PHARMA REPORT: The Wall Street Journal reports: “The U.S. Food and Drug Administration said it has approved the use of the painkiller OxyContin in children as young as 11, for severe pain that can’t be adequately treated with other medications. An FDA spokesman said the agency granted the approval Thursday, after the drug’s manufacturer, Purdue Pharma LP, submitted clinical-trial data on the drug’s safety and efficacy in children. In a posting on its website, the FDA said it asked Purdue to perform the studies in children.”


SUSPENDED POLITICO Florida reports Dr. Salomon E. Melgen, a south Florida ophthalmologist charged with political corruption alongside Sen. Bob Menendez of New Jersey, has been suspended from the state's Medicaid program over the dozens of unrelated Medicare fraud charges against him, the Agency for Health Care Administration says. Federal prosecutors say he bilked the program out of $105 million between 2007 and 2014. View the agency order suspending Melgen from the program here:

OBAMACARE NEWS — Obamacare signups spiked during tax season, according to the National Journal. “The numbers suggest that the mandate penalty, set to increase again in 2016, might be starting to have the desired effect. That's what the Affordable Care Act is going to need in order to enroll more (presumably healthier) people, moderate lingering concerns about premiums under the law, and continue shrinking the number of uninsured. The Obama administration allowed people facing the mandate penalty in 2014 to sign up for insurance coverage through, which serves 30-plus states, through April 30 in what's known as a special enrollment period. The idea was that Americans would be paying the mandate penalty for the first time when they filed their 2014 taxes this year, and this would give them a chance to avoid the penalty for most of 2015 and going forward. The overall numbers were tepid: Just 143,707 people chose to sign up for coverage because of the mandate. But according to the new Centers for Medicare and Medicaid Services data, the sign-ups did increase dramatically with the April 30 deadline.”

…More than 29,000 New Jersey residents signed up for health insurance through the state’s federally run exchange between February and June of this year—outside of the normal open enrollment period—because special circumstances made them eligible for coverage under the Affordable Care Act. The additional 29,000 sign ups would increase overall enrollment by close to 14 percent, but it is not yet clear how many enrollees may have dropped or will stop paying for coverage this year.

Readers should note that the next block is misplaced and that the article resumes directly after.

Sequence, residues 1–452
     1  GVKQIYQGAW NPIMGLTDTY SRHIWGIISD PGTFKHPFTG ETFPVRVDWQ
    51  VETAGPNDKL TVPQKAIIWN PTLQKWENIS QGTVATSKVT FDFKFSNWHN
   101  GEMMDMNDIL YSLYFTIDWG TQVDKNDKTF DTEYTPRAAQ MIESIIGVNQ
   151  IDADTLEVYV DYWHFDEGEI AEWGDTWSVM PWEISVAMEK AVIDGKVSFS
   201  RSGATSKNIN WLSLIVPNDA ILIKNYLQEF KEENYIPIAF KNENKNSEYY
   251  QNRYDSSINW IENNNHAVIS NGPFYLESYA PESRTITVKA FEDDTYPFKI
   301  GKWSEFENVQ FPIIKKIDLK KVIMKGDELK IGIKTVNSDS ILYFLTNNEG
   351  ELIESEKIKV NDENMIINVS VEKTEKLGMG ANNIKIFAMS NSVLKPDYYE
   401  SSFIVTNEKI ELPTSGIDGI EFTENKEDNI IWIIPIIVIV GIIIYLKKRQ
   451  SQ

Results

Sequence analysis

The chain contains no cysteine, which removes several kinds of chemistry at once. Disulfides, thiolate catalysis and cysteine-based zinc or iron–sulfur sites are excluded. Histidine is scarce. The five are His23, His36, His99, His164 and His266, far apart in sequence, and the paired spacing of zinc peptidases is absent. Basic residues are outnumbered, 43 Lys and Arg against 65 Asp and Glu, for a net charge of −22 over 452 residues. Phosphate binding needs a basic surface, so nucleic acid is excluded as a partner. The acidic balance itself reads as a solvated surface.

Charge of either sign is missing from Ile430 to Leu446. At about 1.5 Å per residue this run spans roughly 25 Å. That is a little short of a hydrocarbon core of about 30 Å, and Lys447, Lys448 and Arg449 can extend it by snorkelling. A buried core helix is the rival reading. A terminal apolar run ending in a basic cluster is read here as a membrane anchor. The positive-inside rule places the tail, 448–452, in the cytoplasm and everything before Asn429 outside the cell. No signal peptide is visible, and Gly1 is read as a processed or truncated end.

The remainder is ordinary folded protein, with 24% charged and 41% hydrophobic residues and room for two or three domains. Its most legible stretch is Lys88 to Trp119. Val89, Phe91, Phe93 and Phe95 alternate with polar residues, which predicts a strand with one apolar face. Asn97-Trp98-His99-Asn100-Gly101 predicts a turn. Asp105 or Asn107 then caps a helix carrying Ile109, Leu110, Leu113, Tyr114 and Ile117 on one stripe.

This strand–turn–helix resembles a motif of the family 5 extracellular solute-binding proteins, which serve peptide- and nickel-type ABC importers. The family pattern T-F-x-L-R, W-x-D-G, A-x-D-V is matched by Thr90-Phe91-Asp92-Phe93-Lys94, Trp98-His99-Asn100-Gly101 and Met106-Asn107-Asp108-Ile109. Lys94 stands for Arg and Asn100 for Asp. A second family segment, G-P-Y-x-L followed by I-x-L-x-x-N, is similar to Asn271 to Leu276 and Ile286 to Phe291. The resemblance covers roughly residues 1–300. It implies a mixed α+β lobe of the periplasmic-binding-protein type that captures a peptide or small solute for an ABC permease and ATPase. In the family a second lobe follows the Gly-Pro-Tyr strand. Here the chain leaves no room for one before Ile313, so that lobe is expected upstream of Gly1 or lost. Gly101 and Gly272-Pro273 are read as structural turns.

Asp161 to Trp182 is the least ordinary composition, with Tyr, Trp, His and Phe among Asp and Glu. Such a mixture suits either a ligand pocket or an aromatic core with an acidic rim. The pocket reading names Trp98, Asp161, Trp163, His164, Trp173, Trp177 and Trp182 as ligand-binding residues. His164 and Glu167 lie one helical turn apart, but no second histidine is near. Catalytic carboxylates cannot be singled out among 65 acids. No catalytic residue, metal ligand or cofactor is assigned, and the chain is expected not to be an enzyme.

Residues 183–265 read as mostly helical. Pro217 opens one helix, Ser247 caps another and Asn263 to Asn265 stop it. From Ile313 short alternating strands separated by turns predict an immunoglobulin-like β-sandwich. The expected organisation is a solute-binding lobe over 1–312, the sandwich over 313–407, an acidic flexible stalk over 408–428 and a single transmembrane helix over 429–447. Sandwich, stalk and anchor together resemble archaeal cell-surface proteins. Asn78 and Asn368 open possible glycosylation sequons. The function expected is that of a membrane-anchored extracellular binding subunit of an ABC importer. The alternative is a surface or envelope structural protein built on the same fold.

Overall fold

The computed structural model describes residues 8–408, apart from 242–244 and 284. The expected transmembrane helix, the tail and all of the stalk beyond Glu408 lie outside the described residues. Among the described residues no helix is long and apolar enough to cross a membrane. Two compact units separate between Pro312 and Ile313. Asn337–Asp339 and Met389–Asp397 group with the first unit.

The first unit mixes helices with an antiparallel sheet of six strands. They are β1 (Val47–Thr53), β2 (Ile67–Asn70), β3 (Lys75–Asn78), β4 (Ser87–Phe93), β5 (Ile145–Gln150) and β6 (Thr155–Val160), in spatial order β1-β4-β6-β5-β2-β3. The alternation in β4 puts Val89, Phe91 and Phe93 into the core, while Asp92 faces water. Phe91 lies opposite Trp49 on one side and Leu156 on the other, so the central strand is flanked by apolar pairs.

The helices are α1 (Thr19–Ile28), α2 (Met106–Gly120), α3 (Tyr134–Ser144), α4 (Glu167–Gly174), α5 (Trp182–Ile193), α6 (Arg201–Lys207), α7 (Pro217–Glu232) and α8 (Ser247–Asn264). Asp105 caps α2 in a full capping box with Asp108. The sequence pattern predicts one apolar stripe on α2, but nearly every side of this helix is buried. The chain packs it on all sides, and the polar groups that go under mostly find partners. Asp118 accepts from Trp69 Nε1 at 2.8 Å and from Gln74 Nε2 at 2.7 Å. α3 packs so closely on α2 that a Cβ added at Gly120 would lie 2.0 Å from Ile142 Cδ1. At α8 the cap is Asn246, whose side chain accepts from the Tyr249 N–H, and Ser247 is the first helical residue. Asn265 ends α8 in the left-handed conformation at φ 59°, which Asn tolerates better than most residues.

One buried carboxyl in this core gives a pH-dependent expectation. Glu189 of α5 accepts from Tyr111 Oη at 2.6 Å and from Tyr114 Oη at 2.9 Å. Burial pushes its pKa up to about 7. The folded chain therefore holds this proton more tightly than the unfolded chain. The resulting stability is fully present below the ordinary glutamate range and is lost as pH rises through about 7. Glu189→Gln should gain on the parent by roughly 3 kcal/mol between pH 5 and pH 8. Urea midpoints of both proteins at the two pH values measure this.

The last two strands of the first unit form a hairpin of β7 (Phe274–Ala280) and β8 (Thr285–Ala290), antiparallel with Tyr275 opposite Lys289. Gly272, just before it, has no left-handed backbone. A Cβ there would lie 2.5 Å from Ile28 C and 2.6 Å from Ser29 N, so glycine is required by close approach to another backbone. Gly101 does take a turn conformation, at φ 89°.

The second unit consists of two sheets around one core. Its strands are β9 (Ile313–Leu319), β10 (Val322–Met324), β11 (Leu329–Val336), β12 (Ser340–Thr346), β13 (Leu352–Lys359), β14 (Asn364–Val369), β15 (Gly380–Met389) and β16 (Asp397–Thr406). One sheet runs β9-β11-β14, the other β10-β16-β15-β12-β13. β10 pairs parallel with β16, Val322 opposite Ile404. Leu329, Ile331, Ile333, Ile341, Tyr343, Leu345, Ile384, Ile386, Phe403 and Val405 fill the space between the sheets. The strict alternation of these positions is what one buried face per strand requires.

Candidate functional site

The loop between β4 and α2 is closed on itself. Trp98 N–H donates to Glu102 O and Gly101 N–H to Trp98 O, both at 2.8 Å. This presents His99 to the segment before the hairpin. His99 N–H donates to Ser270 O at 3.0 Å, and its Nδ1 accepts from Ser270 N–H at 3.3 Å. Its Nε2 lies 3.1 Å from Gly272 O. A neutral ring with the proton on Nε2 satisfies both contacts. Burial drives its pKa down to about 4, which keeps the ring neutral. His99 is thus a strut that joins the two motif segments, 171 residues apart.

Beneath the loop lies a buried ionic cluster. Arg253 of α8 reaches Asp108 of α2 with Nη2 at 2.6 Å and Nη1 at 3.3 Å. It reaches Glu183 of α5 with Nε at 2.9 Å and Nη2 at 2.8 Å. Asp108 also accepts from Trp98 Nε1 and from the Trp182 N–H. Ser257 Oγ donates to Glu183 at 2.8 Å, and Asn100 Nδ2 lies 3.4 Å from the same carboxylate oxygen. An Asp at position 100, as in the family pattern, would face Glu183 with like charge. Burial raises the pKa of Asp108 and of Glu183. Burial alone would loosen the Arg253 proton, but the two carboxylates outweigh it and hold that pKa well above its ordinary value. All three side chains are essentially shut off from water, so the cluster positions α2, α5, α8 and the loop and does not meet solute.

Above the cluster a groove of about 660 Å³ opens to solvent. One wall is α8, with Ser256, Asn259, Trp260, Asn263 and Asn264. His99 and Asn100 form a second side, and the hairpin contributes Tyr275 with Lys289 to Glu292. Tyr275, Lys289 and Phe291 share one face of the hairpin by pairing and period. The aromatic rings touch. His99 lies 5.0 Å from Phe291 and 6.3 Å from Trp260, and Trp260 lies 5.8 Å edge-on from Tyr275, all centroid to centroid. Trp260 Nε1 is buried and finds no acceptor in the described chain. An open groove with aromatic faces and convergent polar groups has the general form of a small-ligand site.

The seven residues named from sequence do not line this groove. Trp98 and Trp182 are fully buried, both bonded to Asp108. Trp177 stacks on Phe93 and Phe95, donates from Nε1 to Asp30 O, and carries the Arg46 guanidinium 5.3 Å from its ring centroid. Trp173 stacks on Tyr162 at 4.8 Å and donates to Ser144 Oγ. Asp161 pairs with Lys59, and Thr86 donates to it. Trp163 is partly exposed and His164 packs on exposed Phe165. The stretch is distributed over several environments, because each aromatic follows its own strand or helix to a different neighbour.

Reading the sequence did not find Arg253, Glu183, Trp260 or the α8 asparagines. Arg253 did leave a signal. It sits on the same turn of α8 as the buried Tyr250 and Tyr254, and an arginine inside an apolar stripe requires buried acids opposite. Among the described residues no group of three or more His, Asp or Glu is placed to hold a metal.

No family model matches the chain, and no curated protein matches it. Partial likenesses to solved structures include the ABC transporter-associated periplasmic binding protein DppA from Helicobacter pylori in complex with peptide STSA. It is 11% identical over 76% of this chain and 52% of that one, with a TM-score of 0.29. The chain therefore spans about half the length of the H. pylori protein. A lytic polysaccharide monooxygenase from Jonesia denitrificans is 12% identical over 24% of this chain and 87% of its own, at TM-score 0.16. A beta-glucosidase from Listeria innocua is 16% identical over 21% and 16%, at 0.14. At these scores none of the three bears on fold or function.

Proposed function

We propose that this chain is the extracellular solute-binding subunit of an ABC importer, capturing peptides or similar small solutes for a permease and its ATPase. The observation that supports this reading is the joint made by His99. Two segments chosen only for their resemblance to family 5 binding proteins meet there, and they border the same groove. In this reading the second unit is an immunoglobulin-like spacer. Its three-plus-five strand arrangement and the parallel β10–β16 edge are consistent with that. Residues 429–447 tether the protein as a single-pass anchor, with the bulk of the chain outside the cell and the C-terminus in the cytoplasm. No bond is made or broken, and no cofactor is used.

THIS IS INTERESTING — Intermountain Healthcare, a Utah insurer, is offering employers the promise of 4 percent growth in costs if they sign a three-year contract.

CANDIDATES ON VACCINATION — Donald Trump believes there is a correlation between vaccines and autism. There is no science to support that. Carly Fiorina said vaccination should be a parent’s choice. Fiorina said her daughter was “bullied” by a school nurse into giving Fiorina’s granddaughter an HPV shot. “Our daughter said, ‘You know, measles is one thing, but some of these vaccinations now that they’re asking particularly young girls to get at age 10 and 11, I don’t want to do that.’” Fiorina said. “And she got bullied, she got bullied by a school nurse.” Fellow GOP presidential candidate and former New York Gov. George Pataki took to Twitter on Friday to condemn Fiorina’s comments. “Pandering for votes isn’t going to win us back the Presidency,” Pataki tweeted. “Optional vaccinations is bad for public health & bad politics.”

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TODAY'S TIP — Comes from the Cleveland Clinic: “In the hot weather, these two drinks are the best to give your kids.”


-SEE MOM, I TOLD YOU IT HAD BENEFITS — Researchers say playing Tetris for as little as three minutes can weaken cravings for drugs, food and activities such as sex and sleeping by approximately one fifth. The study, published in Addictive Behaviors, explains craving involves imagining the experience of consuming a particular substance or indulging in a particular activity. But playing a visual game occupies the mental processes that support that imagery.

MISSED A ROUNDUP? Get caught up here: 8/14, 8/13, 8/12, 8/11, 8/10